It depends on who I am fighting. If it's in my best interest to stay on the outside and just box my way to a decision, I'll do that. If the best I can do is maybe pressure a guy or walk forward, I'll do that. With Orlando Salido, the plan was to stay on the outside and just box, box, box and not to engage in a firefight with him because he is a dangerous fighter on the inside. So why give him that opportunity on the inside? I was going to stand on the outside and let my punches hurt him little by little and I was able to drop him early on and dictate the pace. I can do a lot of things.
At age 25, you've already proven to be one of boxing's most well-rounded fighters. Do you think you have hit your prime yet and how much do you think you have left to grow?
I think right now I'm in the best age to show everybody [what I can do]. I'm not too young and I'm not too old -- I'm just in my prime right now. I could probably grow a little more, and there's always room for learning more, but I think with what I have right now with my brother, my dad and my coaches, this is a perfect time to show everybody what kind of fighter I am.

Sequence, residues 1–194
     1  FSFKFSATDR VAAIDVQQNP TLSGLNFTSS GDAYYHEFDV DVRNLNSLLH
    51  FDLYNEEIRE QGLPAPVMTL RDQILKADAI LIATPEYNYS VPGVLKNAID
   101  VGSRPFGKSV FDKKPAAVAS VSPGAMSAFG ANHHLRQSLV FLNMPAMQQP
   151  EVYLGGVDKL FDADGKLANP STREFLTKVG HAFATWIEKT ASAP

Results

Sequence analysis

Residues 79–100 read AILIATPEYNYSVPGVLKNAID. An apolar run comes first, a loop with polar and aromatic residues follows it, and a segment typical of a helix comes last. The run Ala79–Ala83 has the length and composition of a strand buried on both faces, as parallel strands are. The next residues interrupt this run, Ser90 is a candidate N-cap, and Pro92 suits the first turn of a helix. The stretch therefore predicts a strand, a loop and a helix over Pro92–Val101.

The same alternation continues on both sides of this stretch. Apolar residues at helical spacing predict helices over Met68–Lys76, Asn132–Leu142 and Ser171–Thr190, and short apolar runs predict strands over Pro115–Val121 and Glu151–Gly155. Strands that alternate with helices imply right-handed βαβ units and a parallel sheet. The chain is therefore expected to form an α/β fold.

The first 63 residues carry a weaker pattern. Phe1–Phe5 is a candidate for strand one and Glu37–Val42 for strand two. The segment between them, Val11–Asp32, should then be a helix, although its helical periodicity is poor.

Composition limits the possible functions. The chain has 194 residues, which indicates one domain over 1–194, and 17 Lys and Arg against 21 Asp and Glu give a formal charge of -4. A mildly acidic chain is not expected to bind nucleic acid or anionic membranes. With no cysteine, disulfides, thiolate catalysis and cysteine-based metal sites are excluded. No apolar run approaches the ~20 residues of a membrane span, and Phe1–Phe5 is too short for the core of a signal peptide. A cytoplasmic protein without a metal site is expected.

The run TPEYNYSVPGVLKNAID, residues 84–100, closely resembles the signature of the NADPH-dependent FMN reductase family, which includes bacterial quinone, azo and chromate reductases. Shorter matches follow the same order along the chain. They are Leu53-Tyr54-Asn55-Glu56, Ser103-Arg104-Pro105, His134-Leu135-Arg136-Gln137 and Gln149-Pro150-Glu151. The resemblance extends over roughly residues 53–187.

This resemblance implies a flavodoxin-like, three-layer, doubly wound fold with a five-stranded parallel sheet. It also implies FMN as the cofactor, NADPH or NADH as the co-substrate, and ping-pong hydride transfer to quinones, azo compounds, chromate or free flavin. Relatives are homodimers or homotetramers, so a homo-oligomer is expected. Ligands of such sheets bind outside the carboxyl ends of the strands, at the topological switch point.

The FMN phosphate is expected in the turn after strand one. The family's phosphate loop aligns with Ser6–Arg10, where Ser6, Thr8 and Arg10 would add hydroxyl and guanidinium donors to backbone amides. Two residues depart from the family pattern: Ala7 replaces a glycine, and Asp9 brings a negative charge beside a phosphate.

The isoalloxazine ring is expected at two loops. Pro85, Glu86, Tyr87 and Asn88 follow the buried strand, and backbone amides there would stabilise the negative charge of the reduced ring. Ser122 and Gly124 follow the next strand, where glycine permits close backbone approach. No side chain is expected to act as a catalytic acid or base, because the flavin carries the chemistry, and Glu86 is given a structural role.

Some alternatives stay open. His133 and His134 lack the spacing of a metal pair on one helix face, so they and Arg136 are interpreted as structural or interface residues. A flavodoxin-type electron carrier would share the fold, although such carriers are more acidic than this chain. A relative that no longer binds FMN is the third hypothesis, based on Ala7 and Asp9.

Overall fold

Your technique might be the most impressive part of your skill set. How much of that comes from the environment you grew up in, where boxing was essentially the family business?
It probably has a lot to do with it. Growing up around boxing at the gyms, even though I wasn't fighting or training, I was always messing around with my nephews and cousins in the backyard with a pair of gloves all the time. You kind of grow into it and you learn a little bit even though you are not training for it. I don't know how much or the extent of it, but it definitely has helped.
How comfortable are you at featherweight and which weight class do you believe you'll spend the majority of time competing in over the course of your career?